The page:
Etymology
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Cape Cod 
peninsula of New England, named 1602 by English navigator Bartholomew Gosnold for the abundance of fish his men caught there (see cod). In reference to houses reminiscent of New England architecture, from 1916.
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capeesh 
variant spelling of capiche (q.v.).
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Capella 
bright northern star (fifth brightest in the heavens), the alpha of the constellation Auriga, by 17c., from Latin capella, literally "little she-goat" (Greek kinesai kheimonas), diminutive of capra "she-goat," fem. of caper "goat" (see cab).
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caper (n.1)
type of prickly Mediterranean bush, also in reference to the plant's edible buds, late 14c., from Latin capparis (source of Italian cappero, French câpre, German Kaper), from Greek kapparis "the caper plant or its fruit," which is of uncertain origin. Arabic kabbar, Persian kabar are from Greek. Perhaps reborrowed into English 16c. The final -s was mistaken for a plural inflection in English and dropped.
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caper (v.)
"to leap, skip, prance," 1580s, apparently short for obsolete capriole "to leap, skip," which is probably from Italian capriolare "jump in the air" (see cab). Related: Capered; capering.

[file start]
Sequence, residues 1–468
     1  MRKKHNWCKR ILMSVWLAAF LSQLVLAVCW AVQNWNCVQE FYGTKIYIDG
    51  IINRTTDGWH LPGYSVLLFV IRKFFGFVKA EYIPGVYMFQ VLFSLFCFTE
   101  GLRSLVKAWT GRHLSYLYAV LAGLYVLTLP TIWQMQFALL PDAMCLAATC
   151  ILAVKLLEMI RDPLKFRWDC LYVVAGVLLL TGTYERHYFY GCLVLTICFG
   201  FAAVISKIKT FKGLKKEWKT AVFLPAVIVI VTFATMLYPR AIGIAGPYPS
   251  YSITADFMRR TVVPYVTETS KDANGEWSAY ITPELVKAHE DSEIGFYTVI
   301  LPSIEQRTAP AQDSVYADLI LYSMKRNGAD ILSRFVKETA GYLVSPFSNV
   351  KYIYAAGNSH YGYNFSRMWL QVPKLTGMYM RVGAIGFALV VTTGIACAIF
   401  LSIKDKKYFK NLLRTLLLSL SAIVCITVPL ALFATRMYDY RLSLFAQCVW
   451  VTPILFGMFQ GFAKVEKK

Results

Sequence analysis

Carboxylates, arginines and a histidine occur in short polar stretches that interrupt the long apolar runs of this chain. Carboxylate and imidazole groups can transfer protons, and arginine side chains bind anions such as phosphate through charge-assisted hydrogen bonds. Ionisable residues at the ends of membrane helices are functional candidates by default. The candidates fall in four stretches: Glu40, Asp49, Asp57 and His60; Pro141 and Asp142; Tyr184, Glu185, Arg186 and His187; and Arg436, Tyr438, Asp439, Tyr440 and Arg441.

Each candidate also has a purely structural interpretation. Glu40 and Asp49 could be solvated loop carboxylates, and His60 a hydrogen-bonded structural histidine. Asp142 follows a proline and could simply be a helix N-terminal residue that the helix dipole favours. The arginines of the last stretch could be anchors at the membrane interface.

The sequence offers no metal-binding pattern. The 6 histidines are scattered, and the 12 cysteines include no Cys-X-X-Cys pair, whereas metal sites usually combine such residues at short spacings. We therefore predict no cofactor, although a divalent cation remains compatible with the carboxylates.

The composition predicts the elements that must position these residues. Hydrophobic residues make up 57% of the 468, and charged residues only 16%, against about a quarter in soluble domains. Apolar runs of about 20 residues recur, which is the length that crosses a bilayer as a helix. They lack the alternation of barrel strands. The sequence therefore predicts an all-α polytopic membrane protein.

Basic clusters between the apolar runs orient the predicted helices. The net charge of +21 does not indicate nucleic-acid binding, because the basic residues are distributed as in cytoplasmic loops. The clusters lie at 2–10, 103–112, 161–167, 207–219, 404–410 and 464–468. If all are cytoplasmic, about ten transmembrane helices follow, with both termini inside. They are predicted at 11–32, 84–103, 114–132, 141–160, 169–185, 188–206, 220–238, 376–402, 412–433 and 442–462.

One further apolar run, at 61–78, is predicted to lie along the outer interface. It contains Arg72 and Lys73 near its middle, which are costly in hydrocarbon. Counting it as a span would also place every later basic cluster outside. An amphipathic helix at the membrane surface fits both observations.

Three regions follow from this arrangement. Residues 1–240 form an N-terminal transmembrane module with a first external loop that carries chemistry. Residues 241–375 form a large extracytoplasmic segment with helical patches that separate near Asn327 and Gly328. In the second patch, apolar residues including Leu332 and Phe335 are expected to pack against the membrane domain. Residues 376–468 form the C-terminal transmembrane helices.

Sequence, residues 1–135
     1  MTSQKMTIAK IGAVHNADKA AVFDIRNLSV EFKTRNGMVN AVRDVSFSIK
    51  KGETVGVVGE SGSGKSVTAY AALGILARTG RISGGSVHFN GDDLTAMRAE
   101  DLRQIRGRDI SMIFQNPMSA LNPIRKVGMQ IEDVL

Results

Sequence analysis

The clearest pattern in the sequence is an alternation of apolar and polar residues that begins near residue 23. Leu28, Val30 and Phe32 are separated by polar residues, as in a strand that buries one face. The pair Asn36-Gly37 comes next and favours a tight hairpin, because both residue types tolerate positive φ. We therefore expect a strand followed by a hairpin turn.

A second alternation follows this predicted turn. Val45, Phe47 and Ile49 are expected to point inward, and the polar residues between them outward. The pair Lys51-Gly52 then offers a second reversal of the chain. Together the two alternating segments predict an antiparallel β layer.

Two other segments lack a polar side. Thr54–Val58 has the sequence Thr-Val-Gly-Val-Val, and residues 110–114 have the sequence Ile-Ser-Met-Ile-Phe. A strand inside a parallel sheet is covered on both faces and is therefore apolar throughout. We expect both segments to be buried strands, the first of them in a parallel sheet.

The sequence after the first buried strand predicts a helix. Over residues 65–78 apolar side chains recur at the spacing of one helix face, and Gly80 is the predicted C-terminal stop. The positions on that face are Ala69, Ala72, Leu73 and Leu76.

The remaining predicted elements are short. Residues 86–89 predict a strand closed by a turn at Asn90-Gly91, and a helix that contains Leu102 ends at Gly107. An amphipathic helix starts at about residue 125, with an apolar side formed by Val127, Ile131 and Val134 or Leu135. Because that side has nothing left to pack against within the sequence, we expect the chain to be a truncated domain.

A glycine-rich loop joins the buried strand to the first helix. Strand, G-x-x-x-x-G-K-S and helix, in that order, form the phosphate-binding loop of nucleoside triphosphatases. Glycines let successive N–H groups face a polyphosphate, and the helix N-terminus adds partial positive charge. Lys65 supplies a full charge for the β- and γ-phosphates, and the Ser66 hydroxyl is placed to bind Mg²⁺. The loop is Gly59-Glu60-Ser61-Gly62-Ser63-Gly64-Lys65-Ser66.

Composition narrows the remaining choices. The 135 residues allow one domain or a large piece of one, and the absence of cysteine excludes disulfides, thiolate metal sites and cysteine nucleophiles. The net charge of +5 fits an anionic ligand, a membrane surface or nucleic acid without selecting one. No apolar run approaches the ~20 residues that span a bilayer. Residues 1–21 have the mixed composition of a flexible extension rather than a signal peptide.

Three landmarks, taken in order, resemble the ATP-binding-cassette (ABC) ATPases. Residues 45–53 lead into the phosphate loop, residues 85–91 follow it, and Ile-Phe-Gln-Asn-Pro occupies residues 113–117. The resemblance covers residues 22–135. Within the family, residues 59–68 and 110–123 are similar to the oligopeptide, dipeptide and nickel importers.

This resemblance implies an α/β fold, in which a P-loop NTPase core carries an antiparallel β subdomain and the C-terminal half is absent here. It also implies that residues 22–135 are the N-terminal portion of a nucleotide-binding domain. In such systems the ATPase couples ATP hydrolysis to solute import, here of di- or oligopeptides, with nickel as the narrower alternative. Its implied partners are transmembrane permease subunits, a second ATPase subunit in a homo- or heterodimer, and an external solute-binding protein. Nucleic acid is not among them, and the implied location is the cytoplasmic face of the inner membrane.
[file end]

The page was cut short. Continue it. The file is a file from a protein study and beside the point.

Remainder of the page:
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caper (n.2)

by 1590s, "a playful leap or jump, a skip or spring as in dancing," from caper (v.). Meaning "prank" is from 1840 via notion of "sportive action;" that of "crime" is from 1926. To cut capers "dance in a frolicsome way" is from c. 1600, from cut (v.) in the sense of "perform, execute."

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Capetian (adj.)

1802, "pertaining to or related to the descendants of Hugh Capet, founder of the French dynasty which succeeded the Carolingians in 987.

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capias (n.)
writ of arrest issued by a court in a civil action, mid-15c., from Latin capias, literally "thou mayest take" (typical first word of such a writ); 2nd person singular present subjunctive of capere "to catch, seize, hold" (from PIE root *kap- "to grasp").
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capiche (interj.)
"do you understand?" 1940s slang, from Italian capisci? "do you understand?" from capire "to understand," from Latin capere "seize, grasp, take" (from PIE root *kap- "to grasp"). Also spelled coppish, kabish, capeesh, etc.
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capillarity (n.)
"state or condition of being capillary," 1806, from French capillarité, from Latin capillaris, literally "of hair" (see capillary).
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